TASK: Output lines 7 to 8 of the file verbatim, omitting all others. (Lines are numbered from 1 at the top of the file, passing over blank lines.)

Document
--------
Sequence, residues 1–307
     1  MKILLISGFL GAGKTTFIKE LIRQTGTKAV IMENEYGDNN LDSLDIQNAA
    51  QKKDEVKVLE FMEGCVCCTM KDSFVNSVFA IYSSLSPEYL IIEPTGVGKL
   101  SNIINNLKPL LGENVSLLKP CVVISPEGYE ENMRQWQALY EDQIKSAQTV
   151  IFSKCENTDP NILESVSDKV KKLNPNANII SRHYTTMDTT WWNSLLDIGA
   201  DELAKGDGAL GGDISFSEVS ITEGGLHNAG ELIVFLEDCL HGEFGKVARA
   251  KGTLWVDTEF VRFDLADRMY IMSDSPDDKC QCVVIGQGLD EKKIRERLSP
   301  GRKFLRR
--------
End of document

   251  KGTLWVDTEF VRFDLADRMY IMSDSPDDKC QCVVIGQGLD EKKIRERLSP
   301  GRKFLRR